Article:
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How Mortgage Rates Could Hurt the Housing Rebound

A Hole in the Recovery?

Written by Brian Hicks
Posted July 5, 2013

Remember when we began to talk of a housing recovery? Well, it seems things have picked up at such a heated pace that we’re now about to wish things didn’t quite move so fast.

house in hand 600x398CNBC reports that the 30-year fixed conforming loan average rate shot up to its highest in two years (average of 4.58 percent) just last week. As a result, new refinancing applications dropped by 16 percent, while the number of applications for new home purchases dropped 3 percent on a week-to-week basis.

From CNBC:

"Last week mortgage rates retreated from a 23-month high as the Fed sought to reassure markets that the wind-down of the stimulus program would be gradual, and contingent upon strong improvement in economic fundamentals," said Erin Lantz, director of Zillow Mortgage Marketplace.

From early May, mortgage rates have risen by nearly a full percentage point. But for the average home buyer, that means a 15 percent loss in purchasing power (since monthly payments will have risen by 15 percent). That is definitely not encouraging news for the would-be refinancer or first-time home buyer.

It’s true that on a larger historical scale, these rates are still very low (and thus buyer-friendly). However, these same rates are a marked move upward on rates that persisted for the past few years. And that’s what seems to be throwing off the nascent recovery somewhat.

Stimulus Reduction

Adding to these systemic factors are the swirling rumors about the U.S. Federal Reserve deciding to taper off its asset-buying stimulus program. That program has powered much of the early phase of our economic recovery, and there are widespread concerns as to the possible consequences of an end to that program.

The Fed has asserted it will remain highly accommodative in its closure of the program, and it hasn’t even provided any timeline for such a move. Nonetheless, it is generally expected that there will be a shock to the market when that decision is announced.

If, as is expected, the Fed begins making such moves toward the end of this year, that would be why mortgage rates are rising so fast right now. These rates have been on an upward trend since early May, when the Fed first issued comments pointing toward a draw-down of the stimulus program earlier than expected.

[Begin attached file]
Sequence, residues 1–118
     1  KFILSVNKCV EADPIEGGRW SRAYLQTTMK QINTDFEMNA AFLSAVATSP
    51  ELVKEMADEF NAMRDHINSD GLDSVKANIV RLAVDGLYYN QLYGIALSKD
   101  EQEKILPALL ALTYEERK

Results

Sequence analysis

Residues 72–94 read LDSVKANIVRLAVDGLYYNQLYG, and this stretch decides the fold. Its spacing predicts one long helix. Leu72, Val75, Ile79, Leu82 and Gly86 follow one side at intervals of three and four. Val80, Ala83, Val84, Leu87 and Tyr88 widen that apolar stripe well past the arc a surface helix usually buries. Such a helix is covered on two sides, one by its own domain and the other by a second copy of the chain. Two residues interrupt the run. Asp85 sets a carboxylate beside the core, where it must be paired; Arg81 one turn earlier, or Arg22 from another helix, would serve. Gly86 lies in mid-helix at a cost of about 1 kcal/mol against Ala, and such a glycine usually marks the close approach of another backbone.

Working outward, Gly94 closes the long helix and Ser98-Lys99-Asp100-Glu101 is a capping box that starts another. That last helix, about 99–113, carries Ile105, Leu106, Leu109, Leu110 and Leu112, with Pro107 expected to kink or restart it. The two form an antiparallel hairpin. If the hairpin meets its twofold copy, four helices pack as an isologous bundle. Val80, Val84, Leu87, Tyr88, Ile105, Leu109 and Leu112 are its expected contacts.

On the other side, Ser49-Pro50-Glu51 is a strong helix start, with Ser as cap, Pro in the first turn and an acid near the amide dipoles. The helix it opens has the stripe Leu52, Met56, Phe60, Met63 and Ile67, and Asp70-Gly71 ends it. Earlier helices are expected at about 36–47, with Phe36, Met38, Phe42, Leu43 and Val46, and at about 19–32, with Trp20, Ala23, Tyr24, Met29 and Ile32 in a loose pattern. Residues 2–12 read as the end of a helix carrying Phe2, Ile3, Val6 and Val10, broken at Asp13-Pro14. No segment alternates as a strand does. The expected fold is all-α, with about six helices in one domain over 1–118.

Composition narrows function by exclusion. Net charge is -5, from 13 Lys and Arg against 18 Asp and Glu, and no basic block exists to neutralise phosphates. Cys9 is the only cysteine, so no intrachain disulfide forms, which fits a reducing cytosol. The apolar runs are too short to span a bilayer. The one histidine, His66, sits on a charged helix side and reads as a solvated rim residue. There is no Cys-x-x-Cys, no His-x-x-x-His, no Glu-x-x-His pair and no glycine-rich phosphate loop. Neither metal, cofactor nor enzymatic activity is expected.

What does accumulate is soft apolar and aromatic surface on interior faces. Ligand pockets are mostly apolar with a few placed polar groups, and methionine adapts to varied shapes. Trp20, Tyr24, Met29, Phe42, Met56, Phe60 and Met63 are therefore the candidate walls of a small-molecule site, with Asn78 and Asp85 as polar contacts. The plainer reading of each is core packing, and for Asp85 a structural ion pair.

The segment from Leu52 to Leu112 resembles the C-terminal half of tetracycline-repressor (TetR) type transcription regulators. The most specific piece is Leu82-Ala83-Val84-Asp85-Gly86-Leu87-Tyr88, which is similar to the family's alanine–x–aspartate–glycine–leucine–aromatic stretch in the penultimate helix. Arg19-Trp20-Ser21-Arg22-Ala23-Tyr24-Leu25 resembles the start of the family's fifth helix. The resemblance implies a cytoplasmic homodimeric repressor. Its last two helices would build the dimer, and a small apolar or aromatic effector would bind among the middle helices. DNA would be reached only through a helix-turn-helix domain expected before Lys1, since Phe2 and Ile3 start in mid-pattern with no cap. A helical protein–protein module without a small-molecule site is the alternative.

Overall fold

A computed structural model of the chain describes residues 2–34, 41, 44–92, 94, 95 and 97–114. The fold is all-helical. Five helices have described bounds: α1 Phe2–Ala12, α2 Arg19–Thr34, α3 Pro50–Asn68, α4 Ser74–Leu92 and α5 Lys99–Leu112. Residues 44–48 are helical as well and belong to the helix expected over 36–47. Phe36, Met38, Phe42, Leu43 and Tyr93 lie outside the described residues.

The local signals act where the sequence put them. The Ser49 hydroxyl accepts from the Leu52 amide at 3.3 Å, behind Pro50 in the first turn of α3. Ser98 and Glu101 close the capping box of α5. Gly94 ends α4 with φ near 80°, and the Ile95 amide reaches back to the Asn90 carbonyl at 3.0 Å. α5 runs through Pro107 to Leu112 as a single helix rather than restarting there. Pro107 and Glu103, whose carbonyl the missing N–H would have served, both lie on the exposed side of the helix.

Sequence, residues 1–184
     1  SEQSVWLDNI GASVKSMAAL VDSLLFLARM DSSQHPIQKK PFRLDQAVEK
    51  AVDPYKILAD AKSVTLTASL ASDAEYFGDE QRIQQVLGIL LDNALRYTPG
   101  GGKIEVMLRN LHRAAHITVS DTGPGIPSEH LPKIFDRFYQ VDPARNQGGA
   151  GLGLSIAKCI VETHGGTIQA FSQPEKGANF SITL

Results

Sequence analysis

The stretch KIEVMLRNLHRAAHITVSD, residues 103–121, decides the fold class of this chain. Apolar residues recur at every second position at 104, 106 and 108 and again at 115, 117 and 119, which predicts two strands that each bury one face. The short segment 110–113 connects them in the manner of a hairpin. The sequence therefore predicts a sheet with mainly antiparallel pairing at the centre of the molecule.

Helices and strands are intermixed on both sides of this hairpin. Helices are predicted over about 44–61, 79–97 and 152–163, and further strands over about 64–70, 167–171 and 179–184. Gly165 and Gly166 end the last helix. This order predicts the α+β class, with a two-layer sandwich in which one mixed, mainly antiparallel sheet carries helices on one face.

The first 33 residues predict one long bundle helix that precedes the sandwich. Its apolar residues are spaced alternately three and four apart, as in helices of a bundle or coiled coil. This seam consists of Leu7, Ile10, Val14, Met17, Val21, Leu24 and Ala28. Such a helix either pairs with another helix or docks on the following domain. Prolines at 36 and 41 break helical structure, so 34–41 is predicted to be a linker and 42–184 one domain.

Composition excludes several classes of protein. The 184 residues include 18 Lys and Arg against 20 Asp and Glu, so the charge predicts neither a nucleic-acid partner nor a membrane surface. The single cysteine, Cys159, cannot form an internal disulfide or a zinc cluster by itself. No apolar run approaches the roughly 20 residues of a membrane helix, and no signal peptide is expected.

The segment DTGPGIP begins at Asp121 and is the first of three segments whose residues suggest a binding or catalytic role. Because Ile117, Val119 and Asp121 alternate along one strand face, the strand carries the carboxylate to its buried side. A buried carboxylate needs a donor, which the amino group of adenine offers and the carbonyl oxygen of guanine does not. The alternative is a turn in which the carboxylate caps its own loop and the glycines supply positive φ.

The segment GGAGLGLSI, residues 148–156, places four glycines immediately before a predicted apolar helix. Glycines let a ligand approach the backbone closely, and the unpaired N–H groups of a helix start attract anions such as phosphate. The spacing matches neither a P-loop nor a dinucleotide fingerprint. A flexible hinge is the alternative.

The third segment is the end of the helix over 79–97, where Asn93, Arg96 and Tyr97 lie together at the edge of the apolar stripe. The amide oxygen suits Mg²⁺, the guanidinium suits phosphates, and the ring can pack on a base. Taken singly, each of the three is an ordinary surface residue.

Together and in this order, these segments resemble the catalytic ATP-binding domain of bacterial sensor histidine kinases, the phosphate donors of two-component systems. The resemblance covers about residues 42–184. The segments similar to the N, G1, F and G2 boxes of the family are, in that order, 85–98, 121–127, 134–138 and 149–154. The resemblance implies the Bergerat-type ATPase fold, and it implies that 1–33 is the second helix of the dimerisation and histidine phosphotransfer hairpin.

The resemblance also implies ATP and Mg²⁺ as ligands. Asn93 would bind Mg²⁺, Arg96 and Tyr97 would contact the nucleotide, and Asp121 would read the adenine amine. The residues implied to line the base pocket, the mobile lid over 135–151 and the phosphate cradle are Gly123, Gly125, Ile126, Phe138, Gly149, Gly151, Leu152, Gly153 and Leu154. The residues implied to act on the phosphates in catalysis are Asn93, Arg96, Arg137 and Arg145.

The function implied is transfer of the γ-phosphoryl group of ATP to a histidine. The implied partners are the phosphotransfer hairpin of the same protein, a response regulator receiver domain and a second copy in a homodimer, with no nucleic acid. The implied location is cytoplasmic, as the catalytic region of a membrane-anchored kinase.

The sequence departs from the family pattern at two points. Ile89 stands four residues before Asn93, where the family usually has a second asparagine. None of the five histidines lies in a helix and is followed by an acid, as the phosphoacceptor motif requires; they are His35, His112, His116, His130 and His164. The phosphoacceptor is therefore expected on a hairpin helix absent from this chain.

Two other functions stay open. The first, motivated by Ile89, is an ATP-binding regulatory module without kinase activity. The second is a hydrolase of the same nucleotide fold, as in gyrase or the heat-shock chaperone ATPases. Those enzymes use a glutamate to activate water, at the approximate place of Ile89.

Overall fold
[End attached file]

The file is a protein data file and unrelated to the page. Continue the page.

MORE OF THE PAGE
It’s precisely because the Fed has been buying up $85 billion in bonds and mortgage-backed assets that borrowing costs and general rates have remained so low (thereby stimulating purchasers to action). But right now, we’re facing unexpectedly rapid bounces in those rates, which is imperiling a very fragile housing market recovery.

Refinance rates dropped to 64 percent of all applications—the lowest since May 2011—while overall mortgage activity (including refinancing and home purchases) was down by 11.7 percent, reports the Chicago Tribune.

 

Risks of Rising Rates

However, things aren’t quite so bad that the recovery could be knocked wholly off its feet (the reason for that is, as mentioned, the fact that rates are still low on a historical scale). The strengthening economic indicators (unemployment numbers, new jobs added, auto sales, and so on) are also helping boost the mortgage rates to higher peaks than were anticipated at this point.

To put things in focus, the Washington Times has indicated that the current bounce in rates is actually the highest since 1987. Bear in mind that refinancing has been the core of what little recovery the U.S. housing market has experienced so far. That same refinancing activity bore the brunt of the recent rates hike, and that’s what is concerning people so much.

Refinancing drops of 16 percent and new home purchase application drops of 4 percent aren’t really what you want to hear when you’re just about beginning to get into the swing of a recovery. The real question now, of course, is whether this is a temporary spike—caused, no doubt, by worries over the Fed’s next moves regarding its stimulus program—or whether this is the beginning of a more systemic rise in rates across the board. If it’s the latter, we really should be worried.

This is not yet the time when we can expect rates to soar and purchasers to continue to come in droves. That’s for later. And to end on a note of caution: right now, it’s more or less the tail-end of the low-price era. We’ll see a flurry of activity, some fluctuations, and so on. What we should really watch out for is the longer-term trend that should set in after this spate of activity concludes.

 

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